Dean’s Message

Portrait of Dr. Peter Nickerson.

We are entering a transformational period in the Rady Faculty of Health Sciences as we work collaboratively with the Province of Manitoba to address workforce shortages across the health system.

This is a generational expansion that will enhance Manitoba’s human resources in nursing, rehabilitation sciences, dentistry, medicine and pharmacy for decades to come.

It is an exciting time as our five colleges meet the challenge of educating the next generation of health-care leaders, who will value interprofessional collaborative practice as the foundation for exceptional care.

In May, the College of Nursing increased its capacity by admitting a third cohort of 120 students, bringing its annual intake to 360 undergraduate students. With year-round instruction, students – who will be admitted in summer, fall and winter terms – will now complete the bachelor of nursing in 28 months.

The college recognizes that the nursing shortage, amplified during the COVID-19 pandemic, has had a serious impact on the system’s capacity to provide quality care. Graduating more nurses will make a difference in patient care throughout Manitoba. Read more about the expansion on page 13.

The College of Rehabilitation Sciences, which increased its annual intake of respiratory therapy (RT) students from 16 to 20 last fall, is poised for further expansion in that department amid projected RT shortages in the province.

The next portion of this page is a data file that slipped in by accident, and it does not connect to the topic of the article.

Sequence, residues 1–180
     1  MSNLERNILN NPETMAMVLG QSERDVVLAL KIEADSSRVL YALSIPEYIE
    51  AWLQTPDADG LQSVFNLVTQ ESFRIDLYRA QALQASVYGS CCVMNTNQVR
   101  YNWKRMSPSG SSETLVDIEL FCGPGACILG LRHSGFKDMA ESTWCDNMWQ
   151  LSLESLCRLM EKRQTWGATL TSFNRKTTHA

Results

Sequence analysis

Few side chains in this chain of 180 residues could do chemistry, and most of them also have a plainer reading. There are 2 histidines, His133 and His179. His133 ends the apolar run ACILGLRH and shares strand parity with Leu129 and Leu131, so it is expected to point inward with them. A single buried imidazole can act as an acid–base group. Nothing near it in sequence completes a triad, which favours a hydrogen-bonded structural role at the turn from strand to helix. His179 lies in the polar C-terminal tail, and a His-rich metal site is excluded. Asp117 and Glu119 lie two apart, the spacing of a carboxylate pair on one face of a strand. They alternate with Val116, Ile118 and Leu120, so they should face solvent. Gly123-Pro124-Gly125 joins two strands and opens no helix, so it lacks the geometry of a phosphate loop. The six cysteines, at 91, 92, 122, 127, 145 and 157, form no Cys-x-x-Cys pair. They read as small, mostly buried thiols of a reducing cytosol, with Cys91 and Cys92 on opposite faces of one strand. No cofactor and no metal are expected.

In the Dr. Gerald Niznick College of Dentistry, working with our partners, we are launching a significant period of renewal. The goal is to build state-of-the-art dental clinics that will train our learners while providing much-needed health care to the community we serve.

In the Max Rady College of Medicine, we have expanded both the undergraduate and postgraduate programs, as well as the international medical graduate program.

This year, UM increased its number of family medicine residency spaces by 10, to a total of 62 positions. Through the Canadian Resident Matching Service, we were one of only two provinces to fill all our family medicine spaces for 2023.

This is a testament to the high quality of postgraduate medical education at UM, the excitement of more than 70 per cent of graduating UM physicians choosing a residency here in Manitoba (including 40 per cent choosing family medicine), and the reputation of our residency programs right across the country.

Of 200 physicians who started UM residencies in July 2023, 125 joined us from outside the province.

This fall, we will admit an additional 15 students to our MD program, bringing us to 125 undergraduate medical education (UGME) students in the Class of 2027.

This is the first expansion of UGME seats in 15 years. It comes at a pivotal time as the province addresses the growing gap between the number of practising physicians and the health-care needs of Manitobans.

In the College of Pharmacy, we recently celebrated the graduation of the first class to complete the doctor of pharmacy (PharmD) program. The transition to this new entry-to-practice program would not have been possible without years of effort by our dedicated pharmacy faculty.

As the PharmD graduates can attest (see pages 16-17), experiential learning in a variety of practice settings reinforces a key truth: A team-based, collaborative approach results in optimal care for our patients.

We have much to be proud of as an outstanding provincewide team of UM faculty, staff, learners and alumni. I congratulate everyone as we grow into playing an even greater role in a revitalized health system.

Peter Nickerson [B.Sc.(Med.)/86, MD/86]
Vice-Provost (Health Sciences) & Dean, Rady Faculty of Health Sciences, University of Manitoba